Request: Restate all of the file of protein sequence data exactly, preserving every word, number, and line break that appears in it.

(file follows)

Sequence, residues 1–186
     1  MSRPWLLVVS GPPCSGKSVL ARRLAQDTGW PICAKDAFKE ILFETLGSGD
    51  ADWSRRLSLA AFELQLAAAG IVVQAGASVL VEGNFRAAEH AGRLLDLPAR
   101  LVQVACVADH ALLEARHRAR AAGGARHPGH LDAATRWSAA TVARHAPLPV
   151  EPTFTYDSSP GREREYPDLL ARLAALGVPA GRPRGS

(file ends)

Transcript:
Sequence, residues 1–186
     1  MSRPWLLVVS GPPCSGKSVL ARRLAQDTGW PICAKDAFKE ILFETLGSGD
    51  ADWSRRLSLA AFELQLAAAG IVVQAGASVL VEGNFRAAEH AGRLLDLPAR
   101  LVQVACVADH ALLEARHRAR AAGGARHPGH LDAATRWSAA TVARHAPLPV
   151  EPTFTYDSSP GREREYPDLL ARLAALGVPA GRPRGS